On Teenagers, Facebook Assaults, and Pornography

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Every Friday my syndicated column appears in a bunch of newspapers in southeastern Ontario and Saskatchewan. This week’s is on a hard subject, but we adults need to stop looking the other way and speak up.

I am totally baffled by why one person would choose to assault another. But what baffles me even more is why they would record themselves doing so, and then upload that recording to Facebook.

There’s been a rash of recorded assaults in the news lately. In December, Scandale Fritz, 16, Kenneth Brown, 15, and Justin Applewhite, 16, allegedly assaulted a 12-year-old girl at gunpoint. They posted the video to Facebook. They’ve now been arrested. In Steubenville, Ohio, football stars Trent Mays and Ma’lik Richmond were convicted of rape after assaulting a passed out 16-year-old girl and then circulating cell phone pictures. Closer to home, 17-year-old Halifax teen Raehtah Parsons committed suicide after cell phone pictures of her alleged rape were circulated throughout her school. No one was ever charged in that incident.

And that’s only the beginning.

Sexual assault is bad enough, but it has always been with us. Little girls grow up with that fear and knowledge that they are at a unique risk.

But something has changed–something very profound. In the past, people could get away with rape because they knew it would be a “he said she said” situation. There were no witnesses, after all, due to the very nature of the crime.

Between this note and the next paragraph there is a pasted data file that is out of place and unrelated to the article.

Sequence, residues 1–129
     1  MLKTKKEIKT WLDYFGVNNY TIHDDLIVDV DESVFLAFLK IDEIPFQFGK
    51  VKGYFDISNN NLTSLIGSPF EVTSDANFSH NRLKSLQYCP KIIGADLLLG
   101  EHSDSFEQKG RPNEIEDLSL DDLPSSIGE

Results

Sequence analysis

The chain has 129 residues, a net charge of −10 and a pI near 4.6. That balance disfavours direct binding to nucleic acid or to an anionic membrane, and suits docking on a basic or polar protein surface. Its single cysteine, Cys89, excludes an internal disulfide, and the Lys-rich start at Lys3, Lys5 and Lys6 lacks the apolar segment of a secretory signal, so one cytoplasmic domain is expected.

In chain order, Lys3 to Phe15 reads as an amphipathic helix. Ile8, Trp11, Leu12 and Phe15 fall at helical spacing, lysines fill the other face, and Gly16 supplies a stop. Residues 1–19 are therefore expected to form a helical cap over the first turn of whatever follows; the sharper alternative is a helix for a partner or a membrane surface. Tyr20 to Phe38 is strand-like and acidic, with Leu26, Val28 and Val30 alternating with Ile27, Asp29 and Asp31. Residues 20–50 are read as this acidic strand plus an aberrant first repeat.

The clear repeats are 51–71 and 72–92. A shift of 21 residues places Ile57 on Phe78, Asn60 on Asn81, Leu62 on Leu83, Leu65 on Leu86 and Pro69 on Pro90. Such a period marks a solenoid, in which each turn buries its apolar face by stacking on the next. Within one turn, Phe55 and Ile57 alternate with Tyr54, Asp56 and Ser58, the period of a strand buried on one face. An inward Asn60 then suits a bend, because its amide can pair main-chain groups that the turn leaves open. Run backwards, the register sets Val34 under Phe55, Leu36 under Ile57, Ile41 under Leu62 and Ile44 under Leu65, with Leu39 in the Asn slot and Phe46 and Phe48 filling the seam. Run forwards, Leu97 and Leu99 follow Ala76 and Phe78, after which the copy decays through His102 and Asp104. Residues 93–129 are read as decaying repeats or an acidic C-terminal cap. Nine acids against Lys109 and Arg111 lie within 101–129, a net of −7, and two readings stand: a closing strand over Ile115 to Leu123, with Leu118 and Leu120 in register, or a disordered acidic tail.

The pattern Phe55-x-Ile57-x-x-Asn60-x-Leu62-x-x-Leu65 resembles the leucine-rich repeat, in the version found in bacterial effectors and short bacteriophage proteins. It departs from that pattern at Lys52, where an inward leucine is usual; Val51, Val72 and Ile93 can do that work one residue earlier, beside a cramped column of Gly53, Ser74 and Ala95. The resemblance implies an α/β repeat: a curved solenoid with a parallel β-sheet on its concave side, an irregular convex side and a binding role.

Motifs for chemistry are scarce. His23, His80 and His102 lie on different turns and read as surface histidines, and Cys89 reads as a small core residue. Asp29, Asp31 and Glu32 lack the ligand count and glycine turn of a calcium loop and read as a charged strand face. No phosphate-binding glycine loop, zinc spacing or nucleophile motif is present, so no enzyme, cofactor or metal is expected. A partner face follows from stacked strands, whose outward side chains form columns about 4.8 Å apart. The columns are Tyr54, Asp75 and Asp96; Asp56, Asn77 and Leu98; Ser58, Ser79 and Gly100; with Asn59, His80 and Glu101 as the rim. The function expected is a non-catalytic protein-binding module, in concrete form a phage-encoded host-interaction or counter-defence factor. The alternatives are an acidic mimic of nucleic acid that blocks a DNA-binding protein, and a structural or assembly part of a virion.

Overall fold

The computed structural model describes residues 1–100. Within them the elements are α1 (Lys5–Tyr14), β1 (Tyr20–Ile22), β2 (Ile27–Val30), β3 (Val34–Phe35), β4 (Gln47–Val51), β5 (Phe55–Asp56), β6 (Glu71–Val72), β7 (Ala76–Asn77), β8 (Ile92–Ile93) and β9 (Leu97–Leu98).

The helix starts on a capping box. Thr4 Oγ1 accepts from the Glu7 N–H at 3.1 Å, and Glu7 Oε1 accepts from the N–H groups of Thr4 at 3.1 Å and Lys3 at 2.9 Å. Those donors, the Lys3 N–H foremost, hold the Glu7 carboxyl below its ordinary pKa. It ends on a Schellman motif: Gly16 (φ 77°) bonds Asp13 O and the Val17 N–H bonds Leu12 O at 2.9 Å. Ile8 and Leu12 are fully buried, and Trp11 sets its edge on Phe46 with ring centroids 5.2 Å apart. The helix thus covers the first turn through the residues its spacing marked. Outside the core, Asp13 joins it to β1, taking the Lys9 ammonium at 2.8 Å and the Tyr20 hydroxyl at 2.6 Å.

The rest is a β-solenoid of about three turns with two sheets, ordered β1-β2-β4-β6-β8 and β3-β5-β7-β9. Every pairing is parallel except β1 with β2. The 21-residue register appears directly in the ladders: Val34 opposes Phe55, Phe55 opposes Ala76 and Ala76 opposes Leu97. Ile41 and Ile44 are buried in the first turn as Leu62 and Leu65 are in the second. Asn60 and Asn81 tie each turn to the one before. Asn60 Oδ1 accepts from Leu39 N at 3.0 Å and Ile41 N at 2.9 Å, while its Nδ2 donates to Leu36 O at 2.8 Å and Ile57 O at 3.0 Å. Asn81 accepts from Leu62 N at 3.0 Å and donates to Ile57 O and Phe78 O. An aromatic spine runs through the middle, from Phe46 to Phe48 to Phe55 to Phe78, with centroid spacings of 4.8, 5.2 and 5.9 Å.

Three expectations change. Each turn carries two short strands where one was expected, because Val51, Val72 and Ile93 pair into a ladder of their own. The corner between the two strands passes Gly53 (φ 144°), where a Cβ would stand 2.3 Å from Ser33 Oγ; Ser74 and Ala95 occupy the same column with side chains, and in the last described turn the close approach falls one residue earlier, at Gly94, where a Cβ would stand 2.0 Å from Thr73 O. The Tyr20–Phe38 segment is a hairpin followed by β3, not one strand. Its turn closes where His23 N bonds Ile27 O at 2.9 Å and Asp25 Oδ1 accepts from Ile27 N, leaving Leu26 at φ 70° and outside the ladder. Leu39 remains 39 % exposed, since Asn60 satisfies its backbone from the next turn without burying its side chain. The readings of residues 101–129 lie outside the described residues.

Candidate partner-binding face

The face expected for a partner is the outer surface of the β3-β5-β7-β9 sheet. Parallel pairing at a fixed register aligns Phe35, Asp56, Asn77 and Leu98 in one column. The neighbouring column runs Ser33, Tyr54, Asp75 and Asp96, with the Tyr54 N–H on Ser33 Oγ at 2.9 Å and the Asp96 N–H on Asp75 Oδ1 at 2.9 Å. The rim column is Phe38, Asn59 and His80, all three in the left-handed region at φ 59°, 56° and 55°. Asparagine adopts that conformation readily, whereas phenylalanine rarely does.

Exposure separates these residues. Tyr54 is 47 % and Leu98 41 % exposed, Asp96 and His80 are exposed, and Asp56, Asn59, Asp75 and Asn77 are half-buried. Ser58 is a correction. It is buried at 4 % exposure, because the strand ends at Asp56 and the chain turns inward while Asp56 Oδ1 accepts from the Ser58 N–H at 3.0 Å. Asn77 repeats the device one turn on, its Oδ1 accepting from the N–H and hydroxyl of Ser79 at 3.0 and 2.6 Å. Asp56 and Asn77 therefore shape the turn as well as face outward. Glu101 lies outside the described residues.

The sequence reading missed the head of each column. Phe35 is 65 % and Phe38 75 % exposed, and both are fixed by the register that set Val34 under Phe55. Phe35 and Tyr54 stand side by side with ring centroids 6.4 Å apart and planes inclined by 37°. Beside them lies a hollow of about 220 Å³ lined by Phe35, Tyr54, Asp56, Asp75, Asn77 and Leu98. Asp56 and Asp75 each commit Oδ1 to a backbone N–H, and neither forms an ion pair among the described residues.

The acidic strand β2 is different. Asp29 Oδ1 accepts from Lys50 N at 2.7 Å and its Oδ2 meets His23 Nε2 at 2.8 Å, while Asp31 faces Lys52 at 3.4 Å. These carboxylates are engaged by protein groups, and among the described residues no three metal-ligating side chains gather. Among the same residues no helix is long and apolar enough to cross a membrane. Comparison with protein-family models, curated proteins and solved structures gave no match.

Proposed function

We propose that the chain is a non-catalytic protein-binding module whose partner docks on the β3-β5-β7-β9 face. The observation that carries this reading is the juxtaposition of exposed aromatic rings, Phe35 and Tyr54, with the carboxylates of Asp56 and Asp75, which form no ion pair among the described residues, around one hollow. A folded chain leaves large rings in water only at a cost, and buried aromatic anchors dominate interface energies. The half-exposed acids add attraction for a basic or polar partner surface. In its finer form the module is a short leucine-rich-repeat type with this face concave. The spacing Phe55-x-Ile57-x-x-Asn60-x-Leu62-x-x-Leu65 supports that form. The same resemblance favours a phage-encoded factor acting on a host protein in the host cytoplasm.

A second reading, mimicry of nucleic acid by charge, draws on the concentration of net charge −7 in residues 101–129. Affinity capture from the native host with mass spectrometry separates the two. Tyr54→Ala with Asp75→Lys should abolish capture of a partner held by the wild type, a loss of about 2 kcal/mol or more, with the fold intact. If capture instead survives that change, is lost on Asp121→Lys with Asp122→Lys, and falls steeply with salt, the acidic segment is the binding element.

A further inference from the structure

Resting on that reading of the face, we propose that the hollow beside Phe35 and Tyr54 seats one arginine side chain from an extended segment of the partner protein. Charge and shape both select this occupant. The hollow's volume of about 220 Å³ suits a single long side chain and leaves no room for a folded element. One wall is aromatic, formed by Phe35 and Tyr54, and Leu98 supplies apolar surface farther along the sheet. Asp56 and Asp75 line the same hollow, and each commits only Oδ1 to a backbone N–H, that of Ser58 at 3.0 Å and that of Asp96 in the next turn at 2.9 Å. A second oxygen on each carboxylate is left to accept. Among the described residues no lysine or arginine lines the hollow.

Today boys are actively soliciting witnesses. Why?

To me, there are only two options: first, they want the notoriety that Facebook can bring, regardless of the consequences; or second, they honestly don’t realize that anything they did was wrong.

I’m starting to believe that option two is more on the money.

Of course teens often don’t always make the best decisions, because they have a difficult time considering the long-term consequences of their actions. But few teens would rob a liquor store at gunpoint and then post a picture of themselves doing so. They know that would be stupid.

Why isn’t posting a picture of yourself sexually assaulting someone stupid? The Steubenville, Ohio football stars certainly seemed blindsided by the thought that they had done something horribly wrong. Perhaps it’s because in their world, this is normal sexual behaviour. These are the kids coming of age in the world of pornography. Sure, porn has always been with us, but when we were little kids, we had to raid dad’s stash of Playboys or Hustlers out in the shed. It wasn’t accessible at the click of a button.